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If that is the case then why does the Governement not undertake infrastructural projects to rejuvenate some out dated technology in the country. Railways, underground, broadband etc... I know some of these are already underway but a lot more could be done. Take the facists of Italy and Germany; they recovered after WWI and the Great Depression with massive projects. Italy built motorways, drained large areas etc...

Just an idea... taking the train from London to Edinburgh makes you think in a strange way!
------------------------------------------

Seems that you gov is pretty rubbish though. The prime minister - 14 years investment banker cant figure out cyclical movement of capitalistic economies.
And why they dont pump money in the rejuvanation of the projects - cos they dont have them, there is nowhere to borrow, thats why they print them. Even worst they have stopped subsidising green energy projects, going back to fussils and nuclear power.
Looks bad, check the UK macro figure - looking much worst than the US and EU.
Sorry
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Old Mar 12, 2009, 5:39pm   #20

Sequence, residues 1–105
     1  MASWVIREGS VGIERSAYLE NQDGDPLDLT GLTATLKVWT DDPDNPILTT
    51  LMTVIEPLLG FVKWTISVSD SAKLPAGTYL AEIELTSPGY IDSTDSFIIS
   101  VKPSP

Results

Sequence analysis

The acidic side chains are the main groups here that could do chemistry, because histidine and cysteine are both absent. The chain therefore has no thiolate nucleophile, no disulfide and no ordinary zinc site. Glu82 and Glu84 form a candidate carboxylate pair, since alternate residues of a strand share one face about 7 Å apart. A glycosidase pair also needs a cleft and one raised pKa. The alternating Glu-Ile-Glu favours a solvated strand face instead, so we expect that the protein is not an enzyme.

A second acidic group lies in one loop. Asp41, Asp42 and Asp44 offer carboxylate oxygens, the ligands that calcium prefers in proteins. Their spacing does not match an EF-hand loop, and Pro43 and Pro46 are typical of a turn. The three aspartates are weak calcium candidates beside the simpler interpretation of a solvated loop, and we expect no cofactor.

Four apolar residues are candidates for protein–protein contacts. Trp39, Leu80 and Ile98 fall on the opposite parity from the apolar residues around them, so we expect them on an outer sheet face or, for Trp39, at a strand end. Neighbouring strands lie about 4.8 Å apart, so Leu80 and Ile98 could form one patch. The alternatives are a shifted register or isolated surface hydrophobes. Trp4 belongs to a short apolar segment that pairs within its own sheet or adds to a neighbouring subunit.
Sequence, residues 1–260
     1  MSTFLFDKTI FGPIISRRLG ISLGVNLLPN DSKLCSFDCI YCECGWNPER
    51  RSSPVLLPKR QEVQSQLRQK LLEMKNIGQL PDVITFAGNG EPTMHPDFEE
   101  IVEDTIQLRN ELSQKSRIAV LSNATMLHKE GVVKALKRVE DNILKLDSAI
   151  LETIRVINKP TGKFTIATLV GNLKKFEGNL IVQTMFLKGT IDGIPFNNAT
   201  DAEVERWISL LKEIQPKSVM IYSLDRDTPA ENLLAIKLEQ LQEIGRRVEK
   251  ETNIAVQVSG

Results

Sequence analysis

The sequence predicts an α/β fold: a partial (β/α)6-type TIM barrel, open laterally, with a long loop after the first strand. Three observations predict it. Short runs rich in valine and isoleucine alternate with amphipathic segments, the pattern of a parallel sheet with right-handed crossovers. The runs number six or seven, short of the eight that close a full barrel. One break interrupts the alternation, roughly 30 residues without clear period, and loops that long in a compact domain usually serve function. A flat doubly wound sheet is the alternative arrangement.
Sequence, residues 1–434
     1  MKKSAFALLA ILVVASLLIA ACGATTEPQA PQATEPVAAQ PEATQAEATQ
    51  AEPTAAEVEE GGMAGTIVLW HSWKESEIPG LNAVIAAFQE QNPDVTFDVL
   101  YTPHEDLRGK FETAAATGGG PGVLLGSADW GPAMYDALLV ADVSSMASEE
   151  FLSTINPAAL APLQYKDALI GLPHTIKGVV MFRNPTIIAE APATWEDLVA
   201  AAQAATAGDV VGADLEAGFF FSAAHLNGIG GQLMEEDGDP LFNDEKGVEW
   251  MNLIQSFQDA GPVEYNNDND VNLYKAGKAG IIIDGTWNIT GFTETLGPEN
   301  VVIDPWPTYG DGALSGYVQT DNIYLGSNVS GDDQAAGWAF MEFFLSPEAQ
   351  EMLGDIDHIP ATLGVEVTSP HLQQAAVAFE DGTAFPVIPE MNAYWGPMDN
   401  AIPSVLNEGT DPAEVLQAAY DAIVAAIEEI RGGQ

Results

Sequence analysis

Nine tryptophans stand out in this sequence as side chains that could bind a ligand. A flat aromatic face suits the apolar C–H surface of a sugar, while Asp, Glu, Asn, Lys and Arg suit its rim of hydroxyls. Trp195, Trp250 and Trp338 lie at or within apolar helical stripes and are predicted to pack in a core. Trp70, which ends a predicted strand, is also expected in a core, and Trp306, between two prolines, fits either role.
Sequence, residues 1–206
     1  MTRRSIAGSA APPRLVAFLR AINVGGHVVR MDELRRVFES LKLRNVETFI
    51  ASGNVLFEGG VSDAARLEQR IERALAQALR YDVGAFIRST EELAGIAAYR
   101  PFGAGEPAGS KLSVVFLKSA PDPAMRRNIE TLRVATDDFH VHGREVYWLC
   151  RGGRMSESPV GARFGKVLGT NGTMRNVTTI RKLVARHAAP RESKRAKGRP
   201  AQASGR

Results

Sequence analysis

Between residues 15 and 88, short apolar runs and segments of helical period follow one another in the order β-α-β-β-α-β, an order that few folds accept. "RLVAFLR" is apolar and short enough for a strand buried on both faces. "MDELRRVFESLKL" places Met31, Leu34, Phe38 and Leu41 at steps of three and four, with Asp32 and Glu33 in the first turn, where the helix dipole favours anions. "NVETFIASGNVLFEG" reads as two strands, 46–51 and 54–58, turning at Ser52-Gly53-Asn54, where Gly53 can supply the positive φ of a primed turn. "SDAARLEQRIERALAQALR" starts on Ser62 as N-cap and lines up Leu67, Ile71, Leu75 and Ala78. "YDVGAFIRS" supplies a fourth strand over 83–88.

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If that is the case then why does the Governement not undertake infrastructural projects to rejuvenate some out dated technology in the country. Railways, underground, broadband etc... I know some of these are already underway but a lot more could be done. Take the facists of Italy and Germany; they recovered after WWI and the Great Depression with massive projects. Italy built motorways, drained large areas etc...

Just an idea... taking the train from London to Edinburgh makes you think in a strange way!
They used to do all sorts of things like that, using off-balance sheet vehicles (PFI). Unfortunately, the banking shock caused the whole PFI system to get completely disrupted in a whole variety of ways. So public infrastructure projects languish 'cause the normal methods of financing them are broken. Until they can fix the banks, nothing can proceed, in my view.